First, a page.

Sunday, July 4, 2010

Monkeying Around

One of the most commonly shared fears is that of Coulrophobia, the terror of clowns. It's not difficult to see why so many people share this phobia: the hideously distorted features, the makeup that makes human teeth look jaundiced, the way we're thrust into their nightmarish faces as small children. I once was invited to the usually marvelously innovative Cirque du Soleil and was horrified to learn the entire evening's theme involved supposedly darling French Canadian clowns falling through holes and mopping up slowly diminishing circles of light. I was nauseous for days.

There's apparently no name for a much worse phobia I've had since infancy: the fear of animals dressed as people. It's not so much a fear as a deep-seated, swooning revulsion, and it first became evident because of a commercial that used to run in the early 60s and which, upon viewing again this week thanks to my cruelly unempathetic brother, who sent me an email containing a Youtube link with the subject line "Sweet Dreams," still has the ability to make me shudder. My parents used to have to peel me off the ceiling for the unspeakable terror it generated in me.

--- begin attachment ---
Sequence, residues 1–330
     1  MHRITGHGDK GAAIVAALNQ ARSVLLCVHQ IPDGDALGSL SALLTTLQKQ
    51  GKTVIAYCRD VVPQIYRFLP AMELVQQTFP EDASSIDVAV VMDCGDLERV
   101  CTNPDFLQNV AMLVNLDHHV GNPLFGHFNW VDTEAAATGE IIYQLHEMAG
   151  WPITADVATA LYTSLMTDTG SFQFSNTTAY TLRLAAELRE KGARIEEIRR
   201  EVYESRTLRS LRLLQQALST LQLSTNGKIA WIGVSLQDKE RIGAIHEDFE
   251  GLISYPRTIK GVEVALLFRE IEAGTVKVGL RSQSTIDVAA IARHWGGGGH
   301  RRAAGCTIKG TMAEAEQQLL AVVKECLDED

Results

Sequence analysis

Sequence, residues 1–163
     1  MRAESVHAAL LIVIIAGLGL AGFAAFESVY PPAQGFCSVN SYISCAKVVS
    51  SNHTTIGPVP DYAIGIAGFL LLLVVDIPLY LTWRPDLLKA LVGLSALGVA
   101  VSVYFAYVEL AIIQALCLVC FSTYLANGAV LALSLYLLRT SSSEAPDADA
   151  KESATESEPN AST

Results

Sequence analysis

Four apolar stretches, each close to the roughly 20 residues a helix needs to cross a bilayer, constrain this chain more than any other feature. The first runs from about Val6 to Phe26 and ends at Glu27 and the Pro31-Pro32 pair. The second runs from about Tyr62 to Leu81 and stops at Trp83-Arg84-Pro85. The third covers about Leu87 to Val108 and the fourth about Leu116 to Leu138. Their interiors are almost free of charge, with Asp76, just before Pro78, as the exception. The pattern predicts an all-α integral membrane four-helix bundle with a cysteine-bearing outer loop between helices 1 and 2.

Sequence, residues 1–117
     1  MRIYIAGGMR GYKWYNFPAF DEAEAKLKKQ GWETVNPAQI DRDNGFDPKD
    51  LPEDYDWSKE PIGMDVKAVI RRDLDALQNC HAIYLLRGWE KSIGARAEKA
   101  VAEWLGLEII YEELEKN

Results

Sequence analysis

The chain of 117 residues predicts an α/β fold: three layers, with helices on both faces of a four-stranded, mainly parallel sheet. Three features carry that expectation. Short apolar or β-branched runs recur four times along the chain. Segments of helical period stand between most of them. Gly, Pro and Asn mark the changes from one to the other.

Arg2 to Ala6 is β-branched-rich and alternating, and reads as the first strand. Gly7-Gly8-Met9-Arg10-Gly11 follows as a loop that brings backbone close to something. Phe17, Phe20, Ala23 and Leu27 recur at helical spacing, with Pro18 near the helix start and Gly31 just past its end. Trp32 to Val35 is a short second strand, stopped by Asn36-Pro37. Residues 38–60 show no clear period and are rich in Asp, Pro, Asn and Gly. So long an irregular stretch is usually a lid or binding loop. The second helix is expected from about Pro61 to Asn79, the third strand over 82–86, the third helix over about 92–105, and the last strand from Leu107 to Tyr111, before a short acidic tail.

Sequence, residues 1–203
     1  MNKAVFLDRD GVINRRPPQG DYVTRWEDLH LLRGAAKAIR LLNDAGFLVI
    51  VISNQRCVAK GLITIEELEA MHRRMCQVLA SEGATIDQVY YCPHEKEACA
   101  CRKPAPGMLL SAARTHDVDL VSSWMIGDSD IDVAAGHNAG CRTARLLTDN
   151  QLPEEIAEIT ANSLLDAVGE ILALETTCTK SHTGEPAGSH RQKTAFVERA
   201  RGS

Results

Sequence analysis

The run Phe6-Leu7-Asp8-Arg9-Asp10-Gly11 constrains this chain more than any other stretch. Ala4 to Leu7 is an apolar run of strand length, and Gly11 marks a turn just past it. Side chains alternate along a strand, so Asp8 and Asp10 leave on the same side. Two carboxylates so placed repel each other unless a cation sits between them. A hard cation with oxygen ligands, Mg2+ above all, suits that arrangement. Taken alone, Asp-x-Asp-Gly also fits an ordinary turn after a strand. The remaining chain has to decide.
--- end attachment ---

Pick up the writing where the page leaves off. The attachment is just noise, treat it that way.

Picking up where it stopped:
It's an ad for Red Rose Tea, a brand that still exists and which now allows people to collect small tokens in animal shapes. The commercial ran just prior to the Ed Sullivan variety hour on Sunday nights, and it shows a jazz band of chimpanzees -- in clothes -- playing assorted instruments while dancing and slapping themselves to an overlay of voices screaming the brand name. Aside from still horrifying me it also strikes me now as more than a bit racist; jazz musicians depicted as out-of-control apes and baffoons.

I don't know why a tea of all products would choose this line of promotion; perhaps they were just trying to climb onto the emerging rock group bandwagon and make their product more current. I've embedded the spot below. Watch it yourself and see if it doesn't invoke epilepsy.

It's assumed that any animal in human clothing is by definition adorable. Cats in clothes don't seem to bother me (though it bothers them), but dogs dressed as people certainly do. There's a series of film shorts that was popular in the 1940s that shows various breeds of dogs wearing suits and dresses in human situations and it has nearly the effect that clothed monkeys do. My take on why people put apes in clothes is that it's utilitarian. Monkeys are a bit too much like us but somehow not quite enough; no one wants to be confronted by their engorged nether regions, and clothing would have to inhibit their constant masturbation and feces-flinging. But a pinafore on an ape is still window dressing on a wild animal, and we should remember that woman in New Jersey who now has no face or eyes or hands because she consorted with a monkey who was allowed to eat lobster and wear jeans. 

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